Friday, June 26, 2009


I just got an anonymous comment letting me know that Marvellous Keene is due to be executed by the state of Ohio on July 21, 2009. This made me feel very, very strange in a number of ways. In "Gun Crazy - Part Seventeen" I used Marvellous Keene as a vehicle to examine the reasons why some murderers are semi-deified (the examples I used were Charles Starkweather and Bonnie and Clyde) and some are just quickly forgotten or demonized. I found Marvellous Keene's name and specifics from some shit in an old notebook from the mid-90s and decided to use it for the poem, not having any idea if he had been paroled or was still in prison or, as we now know, on death row.

This brings up a few dodgy issues. First off, using an actual murderer (with, you know, actual victims) in a poem. There's a lot of stuff in "Gun Crazy" that is morally questionable, and in every other case, that's cool with me - I designed it to be provacative, and to have an amoral stance that reflects the number of conflicting feelings I have about guns, America, violence, religion, etc. But again, whatever his crimes, Marvellous Keene is a real person (as were his victims) and I am literally using him and his image and crimes as a figurative element in a long-form poem, and I'm not sure how I feel about that.

Secondly, Marvellous Keene is going to be killed by the state. Again, using "Gun Crazy"'s anti-logic, this is a fitting end for the story: eye for an eye, cycle of violence, American tradition, etc. But it makes me feel terrible. I am not rabid about it, but I have never been a supporter of the death penalty. The very idea that this guy is going to be killed now for what he did at 19 or 20 years old, 15 years ago, is madness to me. I've never known someone who was on death row. This, in its wussy way, is probably the closest I'm ever gonna get.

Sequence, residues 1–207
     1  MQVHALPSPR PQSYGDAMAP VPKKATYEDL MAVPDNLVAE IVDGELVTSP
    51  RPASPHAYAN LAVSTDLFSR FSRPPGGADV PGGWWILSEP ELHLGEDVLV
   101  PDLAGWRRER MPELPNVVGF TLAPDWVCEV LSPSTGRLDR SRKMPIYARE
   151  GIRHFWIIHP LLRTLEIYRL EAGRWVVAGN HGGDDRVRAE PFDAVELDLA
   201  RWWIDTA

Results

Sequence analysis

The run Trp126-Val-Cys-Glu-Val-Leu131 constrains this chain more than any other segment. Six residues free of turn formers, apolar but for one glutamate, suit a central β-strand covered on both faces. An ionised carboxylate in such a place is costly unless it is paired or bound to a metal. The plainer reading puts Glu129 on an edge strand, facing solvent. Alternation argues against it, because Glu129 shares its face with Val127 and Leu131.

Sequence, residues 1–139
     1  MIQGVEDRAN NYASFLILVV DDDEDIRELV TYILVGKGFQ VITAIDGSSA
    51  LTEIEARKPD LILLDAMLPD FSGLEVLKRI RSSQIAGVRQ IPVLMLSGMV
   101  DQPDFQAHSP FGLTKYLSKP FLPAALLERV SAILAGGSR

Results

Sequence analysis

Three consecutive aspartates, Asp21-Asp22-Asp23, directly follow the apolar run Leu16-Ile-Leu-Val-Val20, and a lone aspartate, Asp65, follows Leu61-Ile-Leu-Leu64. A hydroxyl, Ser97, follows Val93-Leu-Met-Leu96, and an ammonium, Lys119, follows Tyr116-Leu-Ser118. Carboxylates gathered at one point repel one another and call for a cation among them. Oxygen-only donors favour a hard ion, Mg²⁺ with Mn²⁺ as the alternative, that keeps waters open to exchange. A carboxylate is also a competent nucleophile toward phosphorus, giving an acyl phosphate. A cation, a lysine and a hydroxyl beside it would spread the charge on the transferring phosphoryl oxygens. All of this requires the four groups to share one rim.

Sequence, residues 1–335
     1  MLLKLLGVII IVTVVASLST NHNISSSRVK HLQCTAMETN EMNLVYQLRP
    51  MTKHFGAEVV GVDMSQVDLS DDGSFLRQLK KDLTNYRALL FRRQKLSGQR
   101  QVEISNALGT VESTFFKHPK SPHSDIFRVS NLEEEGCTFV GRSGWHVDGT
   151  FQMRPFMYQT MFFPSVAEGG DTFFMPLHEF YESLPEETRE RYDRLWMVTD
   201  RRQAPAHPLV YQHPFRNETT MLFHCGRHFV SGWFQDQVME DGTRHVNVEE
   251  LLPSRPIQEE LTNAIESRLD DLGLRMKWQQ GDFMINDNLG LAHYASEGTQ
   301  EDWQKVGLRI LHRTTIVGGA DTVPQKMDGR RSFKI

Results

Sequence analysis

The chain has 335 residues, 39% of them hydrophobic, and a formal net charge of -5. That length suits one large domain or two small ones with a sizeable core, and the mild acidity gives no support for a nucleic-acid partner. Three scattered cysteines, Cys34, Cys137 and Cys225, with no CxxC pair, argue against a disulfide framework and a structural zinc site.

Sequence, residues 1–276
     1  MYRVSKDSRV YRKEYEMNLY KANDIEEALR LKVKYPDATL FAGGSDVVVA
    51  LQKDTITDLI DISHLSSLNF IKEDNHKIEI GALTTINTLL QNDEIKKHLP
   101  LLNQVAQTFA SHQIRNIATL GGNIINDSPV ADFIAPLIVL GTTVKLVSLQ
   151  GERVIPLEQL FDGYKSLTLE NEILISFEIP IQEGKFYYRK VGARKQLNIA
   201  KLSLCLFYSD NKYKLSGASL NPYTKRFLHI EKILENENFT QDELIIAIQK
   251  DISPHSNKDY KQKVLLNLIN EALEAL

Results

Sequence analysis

Thirdly, I wondered how Marvellous himself would feel reading the piece. Or the parent or friend of one of his victims. I assume that Mr. Keene would most probably see the truth quickly: intellectual pansy with no firsthand knowledge of true violence uses a figure from an ancient newspaper clipping to add heft to his writing. Mr. Keene would most probably not see any of himself in the piece at all, despite the repeated use of his (admittedly very colorful) name. And I would think that a victim's friend or family would just be enraged.

I got some stuff to think about. Kinda fucked up, right?